He was born into poverty in New Hampshire in 1811. His father was a struggling farmer. His mother did most of the other chores. He was a brilliant student, but the family often moved, looking for a better life—a couple of times so the father could avoid being put into debtor’s prison. At the age of
Matt Stannard’s “Policing Justice Requires Economic Justice” (part one here, part two here) is an excellent exposition into an urgent need for change-that screams beyond the horrid headlines and newscasts. As heartbreaking and frightening as the always present danger that urban policing potentially imposes on young black males, this policing and its broad unquestioning acceptance
I delivered this sermon on November 16, 2014, at the Unitarian Universalist Fellowship of La Crosse, Wisconsin. This is a series of challenging statements about economic justice. That’s a huge subject. I can’t cover everything. I’ll leave stuff out. It’s like talking about sports. Everyone has something to point out, to contribute to the discussion.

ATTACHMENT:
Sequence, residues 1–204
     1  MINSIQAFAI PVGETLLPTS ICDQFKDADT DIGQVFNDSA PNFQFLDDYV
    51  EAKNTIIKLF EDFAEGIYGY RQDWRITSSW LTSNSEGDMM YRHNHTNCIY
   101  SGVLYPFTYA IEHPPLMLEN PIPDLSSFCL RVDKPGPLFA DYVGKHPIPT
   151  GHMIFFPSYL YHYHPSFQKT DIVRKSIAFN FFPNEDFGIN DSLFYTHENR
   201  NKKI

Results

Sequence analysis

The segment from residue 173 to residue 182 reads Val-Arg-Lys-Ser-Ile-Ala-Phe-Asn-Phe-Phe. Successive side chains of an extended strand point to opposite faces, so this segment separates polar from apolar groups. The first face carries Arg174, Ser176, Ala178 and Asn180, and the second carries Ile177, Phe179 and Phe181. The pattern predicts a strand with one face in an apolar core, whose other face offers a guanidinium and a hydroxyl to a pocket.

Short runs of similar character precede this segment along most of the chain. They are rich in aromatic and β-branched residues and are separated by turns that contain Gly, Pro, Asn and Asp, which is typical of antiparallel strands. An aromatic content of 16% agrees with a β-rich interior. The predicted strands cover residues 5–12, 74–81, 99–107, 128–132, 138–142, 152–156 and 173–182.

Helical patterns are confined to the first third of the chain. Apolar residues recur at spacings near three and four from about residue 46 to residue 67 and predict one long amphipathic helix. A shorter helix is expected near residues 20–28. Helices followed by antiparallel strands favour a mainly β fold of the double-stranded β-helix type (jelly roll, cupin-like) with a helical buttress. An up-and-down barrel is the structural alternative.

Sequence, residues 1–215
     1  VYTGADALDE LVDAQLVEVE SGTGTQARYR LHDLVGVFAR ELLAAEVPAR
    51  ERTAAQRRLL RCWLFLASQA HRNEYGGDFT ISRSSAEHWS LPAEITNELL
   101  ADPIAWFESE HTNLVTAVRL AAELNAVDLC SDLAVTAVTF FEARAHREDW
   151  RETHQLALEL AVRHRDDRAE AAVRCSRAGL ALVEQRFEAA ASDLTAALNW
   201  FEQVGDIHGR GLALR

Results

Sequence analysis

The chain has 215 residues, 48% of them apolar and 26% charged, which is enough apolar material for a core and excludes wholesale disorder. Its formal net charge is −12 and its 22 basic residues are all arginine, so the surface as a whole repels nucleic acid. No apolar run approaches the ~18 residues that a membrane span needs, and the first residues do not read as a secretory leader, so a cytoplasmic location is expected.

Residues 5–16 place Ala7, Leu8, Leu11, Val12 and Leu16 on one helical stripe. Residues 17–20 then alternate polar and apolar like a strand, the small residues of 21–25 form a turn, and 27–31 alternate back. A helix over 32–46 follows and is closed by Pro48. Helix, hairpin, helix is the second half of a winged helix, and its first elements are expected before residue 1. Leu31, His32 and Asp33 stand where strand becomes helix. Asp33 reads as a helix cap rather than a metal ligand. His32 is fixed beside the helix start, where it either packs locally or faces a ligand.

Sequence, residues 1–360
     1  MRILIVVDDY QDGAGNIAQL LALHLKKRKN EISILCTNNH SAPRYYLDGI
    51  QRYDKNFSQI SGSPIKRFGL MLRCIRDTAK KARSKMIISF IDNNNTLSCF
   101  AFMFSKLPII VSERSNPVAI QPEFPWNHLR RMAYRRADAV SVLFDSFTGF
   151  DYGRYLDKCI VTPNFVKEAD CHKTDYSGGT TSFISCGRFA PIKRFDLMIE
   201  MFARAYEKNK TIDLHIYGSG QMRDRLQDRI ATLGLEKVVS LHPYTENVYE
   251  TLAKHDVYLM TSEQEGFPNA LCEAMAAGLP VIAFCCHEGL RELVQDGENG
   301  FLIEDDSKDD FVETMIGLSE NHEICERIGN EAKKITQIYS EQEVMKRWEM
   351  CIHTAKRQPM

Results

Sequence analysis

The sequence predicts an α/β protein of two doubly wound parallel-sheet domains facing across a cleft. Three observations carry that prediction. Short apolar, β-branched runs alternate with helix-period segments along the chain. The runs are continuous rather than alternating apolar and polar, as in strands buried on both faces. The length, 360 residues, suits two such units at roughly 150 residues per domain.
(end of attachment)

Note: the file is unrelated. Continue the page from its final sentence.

Originally published at the Public Banking Institute Blog. The movement for public banking, democratically-run public banks that avoid high interest rates and make financing accountable to the public good, ended a solid building year on a several high notes, including a column of support from Chris Hedges, analysis of a volatile struggle in Vermont, and